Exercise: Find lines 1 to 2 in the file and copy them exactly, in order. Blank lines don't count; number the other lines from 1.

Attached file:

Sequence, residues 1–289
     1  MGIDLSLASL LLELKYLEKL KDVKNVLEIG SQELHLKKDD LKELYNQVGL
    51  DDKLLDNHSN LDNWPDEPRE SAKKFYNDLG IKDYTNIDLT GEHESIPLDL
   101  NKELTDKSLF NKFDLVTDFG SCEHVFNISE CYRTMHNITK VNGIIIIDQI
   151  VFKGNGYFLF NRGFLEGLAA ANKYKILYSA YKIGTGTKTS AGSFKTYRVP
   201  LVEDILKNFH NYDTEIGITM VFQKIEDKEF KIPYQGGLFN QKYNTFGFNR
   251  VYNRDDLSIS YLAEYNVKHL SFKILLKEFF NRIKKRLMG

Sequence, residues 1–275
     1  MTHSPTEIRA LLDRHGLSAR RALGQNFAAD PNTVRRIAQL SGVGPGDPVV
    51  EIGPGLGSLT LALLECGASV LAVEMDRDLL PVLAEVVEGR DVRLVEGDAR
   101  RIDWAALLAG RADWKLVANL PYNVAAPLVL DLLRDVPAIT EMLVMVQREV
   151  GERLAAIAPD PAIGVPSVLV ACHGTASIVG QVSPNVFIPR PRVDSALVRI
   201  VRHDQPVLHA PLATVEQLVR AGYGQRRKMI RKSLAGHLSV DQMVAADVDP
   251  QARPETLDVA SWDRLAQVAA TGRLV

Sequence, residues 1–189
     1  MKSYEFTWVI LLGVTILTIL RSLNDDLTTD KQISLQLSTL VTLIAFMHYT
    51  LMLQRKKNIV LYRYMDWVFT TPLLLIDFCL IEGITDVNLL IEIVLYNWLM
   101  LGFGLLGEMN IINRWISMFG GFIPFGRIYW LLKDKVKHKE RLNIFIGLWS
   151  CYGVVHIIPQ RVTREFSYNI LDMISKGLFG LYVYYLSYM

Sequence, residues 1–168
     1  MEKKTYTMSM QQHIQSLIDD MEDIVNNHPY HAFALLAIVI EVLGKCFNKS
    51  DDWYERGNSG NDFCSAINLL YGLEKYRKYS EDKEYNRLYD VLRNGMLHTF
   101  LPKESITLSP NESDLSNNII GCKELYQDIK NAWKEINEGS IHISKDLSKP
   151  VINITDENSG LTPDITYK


Sequence, residues 1–289
     1  MGIDLSLASL LLELKYLEKL KDVKNVLEIG SQELHLKKDD LKELYNQVGL